Surveyor's transit by Edmund Draper
A brass transit, ca. 1860's, marked on the compass face "Edmund Draper, 208, Philadelphia, and with the distinctive Draper 7 pointed star at north. The compass needle is a 4 3/4 inch blued vertical bar. The silvered compass ring is graduated in 1/2 degrees. A single horizontal vernier with beveled scale is mounted 35 degrees E of S (E and W are inverted). The horizontal clamp and tangent screw are mounted under the plate and crossed straight levels are mounted above. A full vertical circle with vernier, tangent screw and clamp are provided. The 10 inch erect image telescope is fitted with rear screw focus for the cross hairs and front rack focus of the objective. A graduated level is hung from the telescope. The crosshairs are located beyond the trunnion - an uncommon location seen on some of the earliest American transits. The unique Draper shifting head and 4 screw leveling base is included, as is the original tripod. Draper introduced this feature in 1859, allowing the instrument to be shifted horizontally in any direction. While he began making instruments in 1832, he apparently did not use serial numbers until around 1860. This instrument, No. 208, is the earliest we have come across. Draper died in 1882, having been in the instrument making business in Philadelphia for 50 years. The interesting box has a raised portion on the lid to accomodate the instruments vertical circle, and, has dovetailed joints. Inside the lid is a trade label for the Philadelphia firm of "James W. Queen & Co., Opticians". Many early Queen transits were made by Young (unsigned), but they apparently sold Draper instruments too. Queen also refurbished and sold used instruments by various makers, so it is not clear whether this instrument was originally retailed by Draper or Queen.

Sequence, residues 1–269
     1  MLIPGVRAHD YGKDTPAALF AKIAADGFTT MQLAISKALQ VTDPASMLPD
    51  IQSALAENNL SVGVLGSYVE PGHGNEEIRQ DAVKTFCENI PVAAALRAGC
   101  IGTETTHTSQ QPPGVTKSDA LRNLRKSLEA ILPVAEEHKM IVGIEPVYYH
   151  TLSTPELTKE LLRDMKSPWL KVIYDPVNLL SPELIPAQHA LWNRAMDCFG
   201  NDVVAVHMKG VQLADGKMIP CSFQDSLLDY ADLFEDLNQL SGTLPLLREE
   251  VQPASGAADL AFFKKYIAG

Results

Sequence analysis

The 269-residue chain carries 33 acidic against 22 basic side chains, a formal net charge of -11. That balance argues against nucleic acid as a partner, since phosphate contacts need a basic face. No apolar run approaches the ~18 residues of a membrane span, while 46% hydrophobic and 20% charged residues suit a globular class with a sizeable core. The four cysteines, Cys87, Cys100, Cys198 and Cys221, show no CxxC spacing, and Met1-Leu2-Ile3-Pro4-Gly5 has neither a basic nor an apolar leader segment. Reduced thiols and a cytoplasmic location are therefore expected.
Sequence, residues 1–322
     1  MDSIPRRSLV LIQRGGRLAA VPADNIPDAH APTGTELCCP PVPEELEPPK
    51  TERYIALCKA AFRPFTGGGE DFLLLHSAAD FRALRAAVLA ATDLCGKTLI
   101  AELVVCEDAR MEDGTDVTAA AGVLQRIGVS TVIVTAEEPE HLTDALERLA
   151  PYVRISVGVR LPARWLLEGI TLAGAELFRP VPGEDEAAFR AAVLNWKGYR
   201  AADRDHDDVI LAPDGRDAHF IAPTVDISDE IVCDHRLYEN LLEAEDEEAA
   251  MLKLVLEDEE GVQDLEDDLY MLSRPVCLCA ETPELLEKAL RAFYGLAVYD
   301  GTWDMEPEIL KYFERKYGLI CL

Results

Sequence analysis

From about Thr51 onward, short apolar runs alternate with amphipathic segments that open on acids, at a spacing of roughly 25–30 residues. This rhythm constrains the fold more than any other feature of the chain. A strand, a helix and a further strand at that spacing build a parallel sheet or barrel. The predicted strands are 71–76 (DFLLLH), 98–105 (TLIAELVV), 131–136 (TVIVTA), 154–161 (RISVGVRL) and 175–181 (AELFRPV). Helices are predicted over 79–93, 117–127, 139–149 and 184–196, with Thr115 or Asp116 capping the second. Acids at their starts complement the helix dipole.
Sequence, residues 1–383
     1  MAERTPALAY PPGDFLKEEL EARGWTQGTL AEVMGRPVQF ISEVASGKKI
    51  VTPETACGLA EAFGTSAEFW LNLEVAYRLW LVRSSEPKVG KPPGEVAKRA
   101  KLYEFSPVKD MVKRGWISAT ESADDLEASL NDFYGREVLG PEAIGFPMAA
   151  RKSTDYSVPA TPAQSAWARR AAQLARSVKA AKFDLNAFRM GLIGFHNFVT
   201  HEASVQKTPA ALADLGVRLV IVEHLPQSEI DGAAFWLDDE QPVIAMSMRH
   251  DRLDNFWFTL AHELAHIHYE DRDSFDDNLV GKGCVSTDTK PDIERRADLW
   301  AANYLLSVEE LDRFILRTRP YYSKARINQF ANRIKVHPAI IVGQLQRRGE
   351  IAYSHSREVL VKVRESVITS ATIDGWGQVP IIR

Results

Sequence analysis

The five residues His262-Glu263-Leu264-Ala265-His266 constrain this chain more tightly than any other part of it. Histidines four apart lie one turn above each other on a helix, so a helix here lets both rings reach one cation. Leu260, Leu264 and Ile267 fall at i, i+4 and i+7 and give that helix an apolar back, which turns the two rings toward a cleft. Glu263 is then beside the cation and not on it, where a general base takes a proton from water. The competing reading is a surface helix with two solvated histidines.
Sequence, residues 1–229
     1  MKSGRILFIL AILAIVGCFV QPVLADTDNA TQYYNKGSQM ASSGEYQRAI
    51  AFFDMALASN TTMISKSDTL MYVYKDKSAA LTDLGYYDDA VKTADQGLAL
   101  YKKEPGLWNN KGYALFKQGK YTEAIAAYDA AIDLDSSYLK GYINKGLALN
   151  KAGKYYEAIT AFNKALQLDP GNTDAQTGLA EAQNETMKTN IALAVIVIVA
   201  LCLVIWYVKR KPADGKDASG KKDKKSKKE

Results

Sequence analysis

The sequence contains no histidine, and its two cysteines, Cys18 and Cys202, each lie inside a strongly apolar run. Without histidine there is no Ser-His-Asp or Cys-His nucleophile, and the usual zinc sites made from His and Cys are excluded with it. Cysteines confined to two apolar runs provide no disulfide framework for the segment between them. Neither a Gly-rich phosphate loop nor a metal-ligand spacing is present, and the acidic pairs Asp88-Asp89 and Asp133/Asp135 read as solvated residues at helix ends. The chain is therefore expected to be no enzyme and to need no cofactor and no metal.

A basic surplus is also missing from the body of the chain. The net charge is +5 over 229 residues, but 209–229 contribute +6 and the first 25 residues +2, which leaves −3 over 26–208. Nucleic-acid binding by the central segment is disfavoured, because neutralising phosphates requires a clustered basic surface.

The instrument is complete and all movements function. the brass is uncleaned and has a fairly uniform dark patina. The telescope focusses and the cross hairs are present. The fitted, hand-dovetailed box is in very good condition. It's leather strap is broken. The tripod is in very good condition, noting one leg tip missing.
1. There is a weld at the end of the trunnion opposite the vertical circle. While the repair does not seem to affect the vertical motion, it is unsightly.
2. One of the two levels on the plate has a cracked glass.
3. The horizontal tangent screw has been remounted incorrectly. It works, but is not properly aligned and is secured with only one screw. A new hole was drilled in the plate approx 1/4 inch out from the original hole, instead of removing the broken screw. Restoration would require removing the original broken screw in the plate and mounting the bracket in its original position.
4. One of the screws under the plate, attaching the A frame, and the screw on the trunnion end on the same side are modern replacements.
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